The car insurance process has been streamlined in Dubai but it still has miles to go.

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In February 1996, the BBC aired episode six of Jeremy Clarkson’s Motorworld from Dubai. I don’t actually remember seeing it but I remember being in it. There was a section on “bizarre facts” about Dubai’s motoring life and I had a piece to camera where I recalled a reenactment of a boating/trailer accident in front of the police before they would give any papers for the insurance claim. It had been an old Dubai folklore story, and not one of mine, even then.

Fast forward a few years, and I had a similar experience myself. Out in the desert, in the rain one winter, I managed to lose concentration on a well-worn track just long enough to veer into a bush, clout the bumper on my Land Rover and bash in the front panel enough to warrant actually getting it fixed. I took it to my trusty panel beater who said that the police were getting tighter on body damage repairs, so I’d best get a report.

No problem: down to Bur Dubai Police Station for a drop-by look-see (or so I thought). Suffice it to say, two hours and much unpersuasive argument later, I found myself leading a couple of officers out towards Awir to seek out, not only the track I had been on a week earlier, but also the offending bush! To add insult to injury, when we actually got to the edge of the desert, the police car got stuck and I had to pull it out and leave it there while we all went in my car to find the tree.

Once we got to the general area, I could not find the actual greenery, but it seemed that the performance was more than enough to convince anyone that my claim was genuine, so I got the green slip for the insurance repair and went on my way.

The point of this illustration is to note how insurance procedures have (generally) improved in the UAE. At least now we have a traffic police system and an insurance system that work from the same book of Dovetail Procedures, occasional horror stories notwithstanding. I now renew my car insurances online, there are testing stations all over the Emirates and you can get a car which is registered in one emirate and tested in another easily.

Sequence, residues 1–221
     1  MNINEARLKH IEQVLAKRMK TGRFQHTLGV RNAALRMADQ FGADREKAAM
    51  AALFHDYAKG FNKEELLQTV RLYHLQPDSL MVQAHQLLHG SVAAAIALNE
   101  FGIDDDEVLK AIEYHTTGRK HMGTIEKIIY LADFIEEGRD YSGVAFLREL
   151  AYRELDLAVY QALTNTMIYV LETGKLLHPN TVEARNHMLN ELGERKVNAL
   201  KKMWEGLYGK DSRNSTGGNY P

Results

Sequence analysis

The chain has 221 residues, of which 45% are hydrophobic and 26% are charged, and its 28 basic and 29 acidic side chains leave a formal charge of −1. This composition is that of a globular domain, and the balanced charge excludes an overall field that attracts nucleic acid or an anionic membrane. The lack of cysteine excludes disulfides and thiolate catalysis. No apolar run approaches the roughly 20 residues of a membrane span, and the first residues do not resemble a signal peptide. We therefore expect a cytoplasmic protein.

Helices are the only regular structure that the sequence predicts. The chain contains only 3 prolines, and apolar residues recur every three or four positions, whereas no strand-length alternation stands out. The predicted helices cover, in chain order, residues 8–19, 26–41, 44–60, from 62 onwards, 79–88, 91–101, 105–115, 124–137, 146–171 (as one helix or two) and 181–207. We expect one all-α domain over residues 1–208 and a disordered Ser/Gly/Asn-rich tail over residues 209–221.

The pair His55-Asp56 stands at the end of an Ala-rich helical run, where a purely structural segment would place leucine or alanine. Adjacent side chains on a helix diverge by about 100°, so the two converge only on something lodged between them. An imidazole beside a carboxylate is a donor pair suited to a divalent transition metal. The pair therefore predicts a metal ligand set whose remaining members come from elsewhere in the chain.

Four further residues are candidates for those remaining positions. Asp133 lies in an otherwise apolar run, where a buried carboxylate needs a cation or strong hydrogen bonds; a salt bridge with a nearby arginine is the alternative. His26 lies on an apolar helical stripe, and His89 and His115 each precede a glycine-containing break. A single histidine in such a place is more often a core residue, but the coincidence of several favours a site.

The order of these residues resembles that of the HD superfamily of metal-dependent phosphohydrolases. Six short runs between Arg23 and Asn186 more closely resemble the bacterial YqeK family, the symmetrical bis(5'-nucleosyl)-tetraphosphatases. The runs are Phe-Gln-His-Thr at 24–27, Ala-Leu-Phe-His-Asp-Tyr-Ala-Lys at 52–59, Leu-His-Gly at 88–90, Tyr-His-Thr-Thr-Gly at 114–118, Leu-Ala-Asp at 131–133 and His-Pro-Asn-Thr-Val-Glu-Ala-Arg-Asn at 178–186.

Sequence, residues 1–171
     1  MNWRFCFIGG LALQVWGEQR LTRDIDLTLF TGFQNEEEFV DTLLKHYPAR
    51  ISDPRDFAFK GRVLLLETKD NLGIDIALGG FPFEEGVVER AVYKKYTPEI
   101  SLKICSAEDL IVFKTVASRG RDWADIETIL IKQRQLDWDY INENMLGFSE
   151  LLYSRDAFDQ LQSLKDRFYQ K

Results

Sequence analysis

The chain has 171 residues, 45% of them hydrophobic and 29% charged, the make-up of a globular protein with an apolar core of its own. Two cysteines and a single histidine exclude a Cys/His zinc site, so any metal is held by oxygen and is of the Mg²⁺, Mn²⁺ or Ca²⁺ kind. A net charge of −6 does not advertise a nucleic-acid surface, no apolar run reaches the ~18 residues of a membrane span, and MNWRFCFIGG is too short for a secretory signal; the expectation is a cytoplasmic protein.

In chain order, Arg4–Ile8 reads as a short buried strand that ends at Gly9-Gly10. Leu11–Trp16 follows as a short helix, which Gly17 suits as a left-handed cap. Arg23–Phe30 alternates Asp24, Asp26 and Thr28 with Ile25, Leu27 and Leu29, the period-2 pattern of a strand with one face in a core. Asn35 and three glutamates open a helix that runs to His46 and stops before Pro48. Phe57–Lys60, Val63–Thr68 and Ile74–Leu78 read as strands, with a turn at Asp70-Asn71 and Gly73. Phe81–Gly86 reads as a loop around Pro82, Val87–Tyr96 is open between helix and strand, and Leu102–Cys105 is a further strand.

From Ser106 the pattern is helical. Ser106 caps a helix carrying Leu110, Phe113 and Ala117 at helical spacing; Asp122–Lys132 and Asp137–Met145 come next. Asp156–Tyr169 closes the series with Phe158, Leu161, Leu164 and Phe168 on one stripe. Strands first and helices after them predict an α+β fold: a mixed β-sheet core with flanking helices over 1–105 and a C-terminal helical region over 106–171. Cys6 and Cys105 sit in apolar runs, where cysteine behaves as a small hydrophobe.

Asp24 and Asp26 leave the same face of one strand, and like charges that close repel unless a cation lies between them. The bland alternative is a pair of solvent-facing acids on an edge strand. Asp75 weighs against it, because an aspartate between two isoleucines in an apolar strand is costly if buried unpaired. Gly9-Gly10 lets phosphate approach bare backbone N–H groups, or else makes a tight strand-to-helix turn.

In Dubai, practically all the new car dealerships have an RTA office in or next door to them and the rules regarding no-injury fender benders have changed to help keep traffic flowing. It all adds up to making the car ownership proposition, and in particular, the insurance provision element, as easy as it is anywhere in Europe. So there won’t, in all likelihood, be another Clarkson’s Motorworld segment from Dubai; we just aren’t weird enough anymore.

What’s still weird, however, is how car insurance actually works. It is completely bonkers, for example, to insure a supercar for someone who still has spots and a licence so unmarked that you couldn’t lift fingerprints from it. And why should I be paying through the nose for my premium because there are people on my insurer’s books who have driving talents inversely proportional to their bank balances?

Surely, if you have a car insured for any driver, above or below a certain age, and with a recognised reciprocal driving licence, it should be quite OK for visiting friends and family to drive your car if you want them to. And how about the idea that insurance is calculated on the value of the car with little or no consideration given to how much experience you have, in what and for how long without a claim? I have seen so-called “no claims bonuses” offered here, but all I have been able to determine is that it means your next premium will not go up quite as much as the last one did, and the value of the car will plummet.

I am delighted that, in my experience over the last 30-odd years, there have been clear improvements, and paperwork that used to take three days can now be done in a morning. Given the rest of the region, in which I travel and drive extensively, we are now way ahead of the game. But car insurance is still a black art, an arcane activity practised by people who speak in tongues, and it’s high time it was brought into the open and given a good scrub.